Thomas Tickell

Giles Jacob, in Historical Account of the Lives and Writings of our most considerable English Poets (1720) 212.

A Gentleman of Merit, now living. He is Son to the late Reverend Mr. Richard Tickell, a Clergyman well preferr'd in the North of England. He was educated at Queen's-College, Oxford, of which he is at this time Fellow; and from thence he wrote an excellent Copy of Verses to Mr. Addison, upon his Rosamond an Opera, which first made him known to the World, and recommended him to the Favour of that Gentleman. On Mr. Addison's Promotion to be Secretary of State, he appointed him Under-Secretary, which Place he now enjoys under the Right Honourable Mr. Secretary Craggs. He has oblig'd the Publick with several fine Poems and Translations.

I. To his Excellency the Lord Privy Seal, on the Prospect of Peace. This Poem has had six editions.

II. An Imitation of the Prophecy of Nereus. This Piece found likewise very good Success.

III. On an Original Painting of King Charles I. taken at the time of his Trial.

IV. A Fragment of a Poem on Hunting.

V. A Description of the Phoenix: Translated from Claudian.

In utmost Ocean lies a lovely Isle,
Where Spring still blooms, and Greens for ever smile;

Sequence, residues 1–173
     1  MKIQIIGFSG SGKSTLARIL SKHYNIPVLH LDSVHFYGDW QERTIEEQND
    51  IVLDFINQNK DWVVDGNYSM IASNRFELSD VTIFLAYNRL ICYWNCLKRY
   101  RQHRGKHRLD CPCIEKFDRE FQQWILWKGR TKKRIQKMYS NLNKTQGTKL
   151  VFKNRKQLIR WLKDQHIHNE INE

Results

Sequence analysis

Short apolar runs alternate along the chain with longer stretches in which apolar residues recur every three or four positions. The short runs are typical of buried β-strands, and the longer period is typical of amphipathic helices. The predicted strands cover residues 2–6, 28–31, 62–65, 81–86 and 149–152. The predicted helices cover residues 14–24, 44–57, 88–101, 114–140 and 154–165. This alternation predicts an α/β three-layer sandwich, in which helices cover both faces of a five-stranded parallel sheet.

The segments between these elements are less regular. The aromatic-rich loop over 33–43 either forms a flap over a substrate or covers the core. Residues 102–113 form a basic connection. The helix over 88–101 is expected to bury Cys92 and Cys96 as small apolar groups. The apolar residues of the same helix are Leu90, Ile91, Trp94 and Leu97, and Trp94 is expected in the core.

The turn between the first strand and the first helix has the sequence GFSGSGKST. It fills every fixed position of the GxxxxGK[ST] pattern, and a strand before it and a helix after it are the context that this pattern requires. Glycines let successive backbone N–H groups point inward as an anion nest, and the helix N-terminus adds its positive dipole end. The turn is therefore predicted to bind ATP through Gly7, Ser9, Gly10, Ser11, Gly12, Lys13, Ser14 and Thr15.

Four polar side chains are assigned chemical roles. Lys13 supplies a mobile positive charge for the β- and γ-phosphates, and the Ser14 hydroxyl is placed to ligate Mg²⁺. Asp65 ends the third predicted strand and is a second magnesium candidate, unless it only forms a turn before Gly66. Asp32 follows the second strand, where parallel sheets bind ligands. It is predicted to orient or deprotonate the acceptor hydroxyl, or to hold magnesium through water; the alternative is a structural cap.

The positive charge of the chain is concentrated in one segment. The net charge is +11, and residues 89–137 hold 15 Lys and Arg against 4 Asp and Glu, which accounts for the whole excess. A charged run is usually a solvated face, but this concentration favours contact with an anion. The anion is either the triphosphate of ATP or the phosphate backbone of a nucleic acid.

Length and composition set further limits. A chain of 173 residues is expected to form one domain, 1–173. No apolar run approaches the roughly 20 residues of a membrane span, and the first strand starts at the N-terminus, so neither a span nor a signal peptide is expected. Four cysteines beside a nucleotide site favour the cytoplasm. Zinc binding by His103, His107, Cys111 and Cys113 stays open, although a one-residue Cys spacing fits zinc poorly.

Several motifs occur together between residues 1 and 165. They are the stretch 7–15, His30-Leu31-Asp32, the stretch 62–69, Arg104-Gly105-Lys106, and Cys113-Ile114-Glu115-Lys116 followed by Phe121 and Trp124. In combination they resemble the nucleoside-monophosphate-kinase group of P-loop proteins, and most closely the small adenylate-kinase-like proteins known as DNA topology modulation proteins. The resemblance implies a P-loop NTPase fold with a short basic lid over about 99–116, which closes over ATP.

In these soft Shades, unprest by human Feet,
The happy Phoenix keeps his balmy Seat
Far from the World—

These three Performances last mention'd are publish'd in the Miscellanies, as also some other small Copies of Verses, written by this Author.

VI. An Epistle from a Lady in England to a Gentleman at Avignon. This Poem has sold five Editions.

VII. An Ode to the Lord Stanhope, on his going to France to make Proposals of Peace with Spain. This has had two Editions.

VIII. Part of the fourth Book of Lucan translated. This Piece is inserted in the Miscellanies.

IX. The first Iliad of Homer translated. This Translation, and that Mr. Pope were made publick at the same time, and both their Performances are extremely well done. It could be wish'd that this Gentleman would translate his Odysses, pursuant to his Intentions mention'd in his Preface.